This pair of releases from guitarist Eric Quach (Thisquietarmy) and drummer Michel Langevin (Away) has been on my “listen to” list for a while. As Singularity, Phase II hit a number of 2021 best-of lists, it was time to give them a shot.
Finding a contextual reference point for the collaborations of Quach and Langevin is tricky. Elements of drone, soundscape, free improv, kosmiche, and metal are easily identifiable. But to lean on a cliche, the sum is greater than the parts.
Langevin will surprise you. His drumming has a solid rock grounding, with double-bass patterns that would be familiar to anyone who has heard his work with progressive thrash band Voivod. But while his beats are repetitive in a motorik fashion, he modulates their rhythmic structures throughout, exploring tone, dynamics, and assertiveness.
Quach is a textural guitarist who makes generous use of effects. He generally eschews heavy riffing (though he does not completely avoid it), instead offering up multitracked waves of processed sounds. Thus, his style could be compared to that of Robert Fripp, David Torn, and the more ambient aspects of Colin Marston. Nonetheless, he explores a wide range of structures, including chording that resembles walled noise.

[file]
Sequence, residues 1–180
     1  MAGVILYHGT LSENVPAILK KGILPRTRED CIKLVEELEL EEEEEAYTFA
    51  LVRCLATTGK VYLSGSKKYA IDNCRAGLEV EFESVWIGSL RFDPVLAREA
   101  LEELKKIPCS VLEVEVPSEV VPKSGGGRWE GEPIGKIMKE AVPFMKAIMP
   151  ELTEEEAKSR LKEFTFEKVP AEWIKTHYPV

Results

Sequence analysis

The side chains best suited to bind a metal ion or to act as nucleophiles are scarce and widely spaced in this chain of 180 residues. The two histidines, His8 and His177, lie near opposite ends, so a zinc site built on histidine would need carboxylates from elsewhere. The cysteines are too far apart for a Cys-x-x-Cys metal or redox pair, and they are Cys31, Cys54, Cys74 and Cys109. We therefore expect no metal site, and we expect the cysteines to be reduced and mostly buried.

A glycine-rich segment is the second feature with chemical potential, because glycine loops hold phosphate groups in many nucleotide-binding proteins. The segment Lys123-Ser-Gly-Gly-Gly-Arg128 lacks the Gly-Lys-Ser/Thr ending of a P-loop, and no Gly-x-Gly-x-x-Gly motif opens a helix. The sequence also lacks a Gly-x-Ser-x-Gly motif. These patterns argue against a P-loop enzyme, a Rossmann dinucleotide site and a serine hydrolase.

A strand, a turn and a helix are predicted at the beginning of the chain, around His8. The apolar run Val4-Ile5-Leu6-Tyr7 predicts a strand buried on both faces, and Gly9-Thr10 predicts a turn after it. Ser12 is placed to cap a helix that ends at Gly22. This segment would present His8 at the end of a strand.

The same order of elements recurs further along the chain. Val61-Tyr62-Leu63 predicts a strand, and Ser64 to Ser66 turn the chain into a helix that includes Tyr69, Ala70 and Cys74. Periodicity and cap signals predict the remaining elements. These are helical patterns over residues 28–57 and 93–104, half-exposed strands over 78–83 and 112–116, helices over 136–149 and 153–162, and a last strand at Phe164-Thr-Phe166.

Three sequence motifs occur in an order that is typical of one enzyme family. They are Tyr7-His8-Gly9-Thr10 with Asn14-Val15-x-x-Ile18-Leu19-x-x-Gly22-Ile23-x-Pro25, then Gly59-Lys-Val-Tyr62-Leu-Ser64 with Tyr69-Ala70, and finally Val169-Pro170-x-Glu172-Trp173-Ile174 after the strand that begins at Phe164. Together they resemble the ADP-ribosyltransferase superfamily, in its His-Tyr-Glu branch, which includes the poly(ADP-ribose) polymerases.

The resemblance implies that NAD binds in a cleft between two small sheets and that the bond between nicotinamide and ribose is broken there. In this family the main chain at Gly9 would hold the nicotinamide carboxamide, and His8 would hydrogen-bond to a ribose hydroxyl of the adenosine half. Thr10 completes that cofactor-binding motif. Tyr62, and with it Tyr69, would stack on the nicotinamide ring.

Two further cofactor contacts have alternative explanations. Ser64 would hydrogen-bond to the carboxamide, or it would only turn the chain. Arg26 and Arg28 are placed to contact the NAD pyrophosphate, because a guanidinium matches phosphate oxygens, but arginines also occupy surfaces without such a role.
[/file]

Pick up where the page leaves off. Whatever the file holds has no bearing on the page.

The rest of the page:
Putting these elements together, Quach and Langevin provide a set of tight improvisations. The sound is full and constantly evolves in terms of tempo and heaviness. There is a certain trancelike quality of these tracks, in that they repeat enough to establish a groove – until they don’t. The strongest pieces are the longer ones (~10-15 minutes in length) where both musicians stretch out and allow urgency to be expressed in an unhurried fashion.
The irony is that these albums could all too easily fall between the cracks – too improv for the metal fans and too metal for the improv fans. But to these ears, Quach and Langevin have hit a sweet spot that perfectly incorporates the best of both styles.